Kirill Rogov

Fellowships

Fellowships
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The analysis of public opinion under authoritarianism poses a significant problem. The very structure of the object "public opinion" is significantly distorted by the institutional conditions of autocracy, and the interpretation of mass opinion survey data in the framework of the same models that are used in democratic and semi-democratic regimes leads to significant errors. The strength of official propaganda under such conditions is determined not so much by its effectiveness (plausibility) and not even by its monopolistic position, as by the costs incurred by citizens in trying to oppose the "official" picture of the world. Moreover, these costs are related both to threats emanating from the state and to threats of isolation emanating from the "imaginary majority". This "imaginary majority" plays a crucial role in the mechanisms of psychological repression of dissent.

Under the conditions of war there is an escalation of these mechanisms, repression, costs and political conflicts. Russian public opinion is currently in a state of shock and is simultaneously a space of "war" - a war for public opinion and the dominant picture of the world in this public opinion. The main issues of this research are both the commonalities and the differences between public opinion in an autocracy and public opinion in an aggressor state during wartime.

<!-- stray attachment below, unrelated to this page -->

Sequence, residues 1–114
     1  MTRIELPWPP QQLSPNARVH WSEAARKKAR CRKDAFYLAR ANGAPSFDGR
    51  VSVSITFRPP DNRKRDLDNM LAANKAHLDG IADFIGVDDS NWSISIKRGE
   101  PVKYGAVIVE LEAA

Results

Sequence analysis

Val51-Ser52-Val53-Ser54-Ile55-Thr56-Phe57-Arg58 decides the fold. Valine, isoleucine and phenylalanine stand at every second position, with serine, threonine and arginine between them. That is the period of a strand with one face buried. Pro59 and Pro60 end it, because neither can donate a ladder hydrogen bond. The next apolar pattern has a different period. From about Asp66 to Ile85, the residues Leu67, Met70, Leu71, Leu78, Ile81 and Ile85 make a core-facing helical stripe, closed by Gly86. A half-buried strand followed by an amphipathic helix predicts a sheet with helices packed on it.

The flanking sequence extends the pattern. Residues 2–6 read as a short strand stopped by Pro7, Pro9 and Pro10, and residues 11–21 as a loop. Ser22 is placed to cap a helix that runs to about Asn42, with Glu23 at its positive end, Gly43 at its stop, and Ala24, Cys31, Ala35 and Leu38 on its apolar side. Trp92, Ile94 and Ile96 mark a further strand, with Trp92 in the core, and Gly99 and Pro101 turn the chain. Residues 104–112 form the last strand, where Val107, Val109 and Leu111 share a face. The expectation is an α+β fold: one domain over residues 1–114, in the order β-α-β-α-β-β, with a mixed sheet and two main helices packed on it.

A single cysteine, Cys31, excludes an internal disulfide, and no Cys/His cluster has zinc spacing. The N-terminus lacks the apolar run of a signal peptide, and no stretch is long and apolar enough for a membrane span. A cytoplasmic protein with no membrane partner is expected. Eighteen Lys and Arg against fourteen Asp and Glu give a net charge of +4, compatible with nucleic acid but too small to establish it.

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The analysis of public opinion under authoritarianism poses a significant problem. The very structure of the object "public opinion" is significantly distorted by the institutional conditions of autocracy, and the interpretation of mass opinion survey data in the framework of the same models that are used in democratic and semi-democratic regimes leads to significant errors. The strength of official propaganda under such conditions is determined not so much by its effectiveness (plausibility) and not even by its monopolistic position, as by the costs incurred by citizens in trying to oppose the "official" picture of the world. Moreover, these costs are related both to threats emanating from the state and to threats of isolation emanating from the "imaginary majority". This "imaginary majority" plays a crucial role in the mechanisms of psychological repression of dissent.

Under the conditions of war there is an escalation of these mechanisms, repression, costs and political conflicts. Russian public opinion is currently in a state of shock and is simultaneously a space of "war" - a war for public opinion and the dominant picture of the world in this public opinion. The main issues of this research are both the commonalities and the differences between public opinion in an autocracy and public opinion in an aggressor state during wartime.

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This is a book project focused on the re-interpretation of post-soviet transition trajectories in a broad societal perspective. While in previous decades a normative approach prevailed in the interpretations of post-soviet states social development the one proposed in this book pretend to revise its foundations. All labeled as “post-soviet” ones in fact these countries were “soviet” in a very different ways and the diversity of their post-soviet trajectories in last thirty years are seen as the diversity of societal responses to the collapse of the soviet political order.